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Mary Ann Smart, Mimomania: Music and Gesture in Nineteenth-Century Opera (Berkeley: University of California Press, 2004). 245 pp. $50

Published online by Cambridge University Press:  13 April 2011

Denise P. Gallo
Library of Congress, Washington, DC


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Copyright © Cambridge University Press 2008

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1 See the essay ‘Nietzsche contra Wagner’, in The Complete Works of Friedrich Nietzsche, Vol. 8, trans. Ludovici, Anthony M. (Edinburgh: T.N. Foulis, 1911): 60.Google Scholar The second translation, by Walter Kaufmann, is the one cited by Smart, found in The Portable Nietzsche (New York: Viking, 1954; Harmondsworth: Penguin, 1968): 665.Google Scholar The German text may be found online at Projekt Gutenberg (

2 See his essay ‘The Case of Wagner’, in The Complete Works, trans. Ludovici, , 35.Google Scholar

3 Abbate discusses musical narratives and what she calls ‘a miming model’ in the first chapter of her book Unsung Voices: Opera and Musical Narrative in the Nineteenth Century (Princeton, NJ: Princeton University Press, 1991).Google Scholar For Smart's comments on Abbate, see Mimomania, p. 11.

4 Her exploration of these examples from La traviata can be found on pp. 6–8.

5 Chief among Smart's feminist sources are Catherine Clémont, Susan McClary, Elin Diamond and Linda Nochlin. She also includes the germ of an interesting discussion on parallels between visible sound sources in film and opera, citing the research of Kaja Silverrnan.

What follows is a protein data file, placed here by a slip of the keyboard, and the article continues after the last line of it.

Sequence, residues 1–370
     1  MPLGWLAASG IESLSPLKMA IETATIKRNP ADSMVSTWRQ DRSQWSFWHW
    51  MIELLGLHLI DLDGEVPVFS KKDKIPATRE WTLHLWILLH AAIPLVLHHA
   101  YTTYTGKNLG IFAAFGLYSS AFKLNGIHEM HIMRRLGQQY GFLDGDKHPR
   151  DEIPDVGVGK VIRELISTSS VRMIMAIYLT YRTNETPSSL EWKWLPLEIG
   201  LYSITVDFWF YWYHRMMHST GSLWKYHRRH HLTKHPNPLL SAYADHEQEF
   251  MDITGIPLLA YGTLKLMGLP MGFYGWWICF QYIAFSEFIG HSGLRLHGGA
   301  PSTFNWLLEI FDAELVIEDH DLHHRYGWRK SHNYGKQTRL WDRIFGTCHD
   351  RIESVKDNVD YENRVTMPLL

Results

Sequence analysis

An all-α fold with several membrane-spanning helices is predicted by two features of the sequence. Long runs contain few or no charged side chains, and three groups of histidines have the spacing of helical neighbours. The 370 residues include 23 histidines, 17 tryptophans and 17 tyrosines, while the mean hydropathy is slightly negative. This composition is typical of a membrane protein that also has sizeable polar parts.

6 In 1997, Smart read on La muette de Portici at the London meeting of the International Musicological Society; at the 1999 annual meeting of the American Musicological Society, she dealt with ‘gestural approaches’ to music in her paper on ‘Bellini's Self-Borrowings as Body Language’, a topic on which she later published in the Journal of the American Musicological Society 53/1 (2000): 2568Google Scholar.

7 Parker, Roger, Leonora's Last Act (Princeton, NJ: Princeton University Press, 1997).Google Scholar

8 The former, on page 129, illustrates the chapter on Les Huguenots while the latter, on page 132, precedes the discussion of Verdi works. A propos of Smart's employment of the terms ‘mime’ and ‘gesture’, one dance scholar with whom I shared some points from this book was critical of Smart's synonymous use of the terms.

9 Gilbert's Chironomia, or a Treatise on Rhetorical Delivery, published in 1806, was an important source for the study of oration and gesture until the late nineteenth century. Rochas's Les Sentiments, la musique et le geste was published in 1900; although it dates nearly 20 years beyond the last opera in Smart's book, it includes information from earlier sources.

10 This rigid movement was one of the features of a 2005 production of La sonnambula, directed by Federico Tiezzi, in which the choreography of the chorus synchronized every gesture and step with the music.

11 Robinson, Paul, Opera & Ideas From Mozart to Strauss (New York: Harper and Row, 1985): 2.Google Scholar

12 Those who wish to trace just how Smart's scholarship has changed directions may compare (or better, contrast) her chapter ‘Bellini's Unseen Voices’ with the original chapter under that title in her PhD dissertation ‘’Dalla tomba uscita”: Representations of Madness in Nineteenth-Century Italian Opera’, Cornell University, 1994.

13 For a history of gestures that would still have been employed in the nineteenth century, see Robert McBride's ‘Ballet: A Neglected Key to Molière's Theater’, Dance Research: The Journal of the Society for Dance Research 2/1 (spring 1984): 3–18. Similarly, a history of gestures leading to the Cecchetti technique is found in Toby Bennett and Giannandrea Poesio, ‘Mime in the Cecchetti ’Method”’, Dance Research: The Journal of the Society for Dance Research 18/1 (summer 2000): 31–43.